South Dakota Hit Hard by Base Closure

Robert Siegel talks with Jim Shaw, mayor of Rapid City, S.D., about the Pentagon's recommendation to close Ellsworth Air Force base. Ellsworth houses 29 B-1B bombers and is the second largest employer in South Dakota.

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ROBERT SIEGEL, host:

Now to South Dakota, the home of Ellsworth Air Force Base, which has half of the nation's fleet of B-1 bombers and is on the Pentagon's proposed closure list. Ellsworth is also the second-largest employer in the state of South Dakota. Jim Shaw is the mayor of Rapid City and joins us now.

And, Mayor Shaw, what would the proposed closure of Ellsworth do to your city and your state?

Mayor JIM SHAW (Rapid City, South Dakota): Well, in terms of the city and the western part of the state, it is the largest employer. And so it would be devastating, at least in the short term, to have 3,000-plus direct employees and probably double that in terms of affected employees. That is upwards of 10 percent of our total population, not just the work force. Rapid City is about 60,000 people. So it would have a tremendous impact, especially short-term.

SIEGEL: On the other hand, this is an Air Force base that was once connected to all the missile silos in South Dakota. It's post-Cold War now. Why not close the base?

Mayor SHAW: Well, in one respect, this base, of course, goes back to World War II, so it's about 60 years old. And from that point of view, the needs have changed dramatically. And we lost about half the military employees who were at Ellsworth over the last several years. And, frankly, we've been able to absorb that loss very well. So...

SIEGEL: Then why not be optimistic about life after Ellsworth closing?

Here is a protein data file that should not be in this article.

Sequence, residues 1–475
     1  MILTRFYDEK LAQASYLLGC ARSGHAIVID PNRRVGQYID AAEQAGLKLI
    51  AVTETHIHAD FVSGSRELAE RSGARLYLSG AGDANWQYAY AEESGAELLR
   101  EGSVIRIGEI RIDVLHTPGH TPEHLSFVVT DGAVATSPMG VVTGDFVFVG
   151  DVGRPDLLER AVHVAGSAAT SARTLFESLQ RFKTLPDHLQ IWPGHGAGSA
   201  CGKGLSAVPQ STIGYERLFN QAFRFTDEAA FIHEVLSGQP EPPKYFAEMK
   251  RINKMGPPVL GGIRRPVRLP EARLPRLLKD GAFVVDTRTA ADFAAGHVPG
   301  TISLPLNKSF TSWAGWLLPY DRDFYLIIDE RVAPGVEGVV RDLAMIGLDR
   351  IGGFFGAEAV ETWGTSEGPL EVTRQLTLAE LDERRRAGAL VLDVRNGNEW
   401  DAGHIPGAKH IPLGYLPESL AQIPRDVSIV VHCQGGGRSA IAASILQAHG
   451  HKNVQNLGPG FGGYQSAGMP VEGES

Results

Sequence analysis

Mayor SHAW: Well, I think we have to be. We're on kind of a parallel track, and not surprisingly our first order of business is going to be to examine the criteria, examine all the reasons that may be in the Department of Defense summary that we haven't seen yet but expect to next week, to see if any errors have been made. We were shocked and, frankly, angered to find out we were on the list because we've done so much in the community up to and including moving a whole interstate exit to try to ensure the long-term viability of Ellsworth.

SIEGEL: Keeping Ellsworth Air Force Base open has been no small political issue in South Dakota.

Mayor SHAW: It has been much talked about. And, in fact, this past fall in the Senate election, which saw former Senate Minority Leader Tom Daschle lose to Republican Senator John Thune, the retaining of Ellsworth Air Force Base as a vital part of the military was one of the campaign issues. Candidate Thune said, `I'm a Republican, so,' he said, `I have the ear of the president.'

SIEGEL: Yes. Senator Thune says the Pentagon was flat wrong about Ellsworth...

Mayor SHAW: Yes.

SIEGEL: ...and he says we'll continue to keep Ellsworth open.

Mayor SHAW: He was very emphatic. And, in fact, everyone echoes the same thing: anger and shock that the decision by the Department of Defense is flat wrong. And we need to do all we can to try to get the BRAC commission now to change this recommendation and keep Ellsworth open in the future.

SIEGEL: Well, Mayor Shaw, thanks for talking with us.

Mayor SHAW: Thank you very much.

SIEGEL: Jim Shaw is the non-partisan mayor of Rapid City, South Dakota, which is home to Ellsworth Air Force Base, slated for closing today by the Pentagon.

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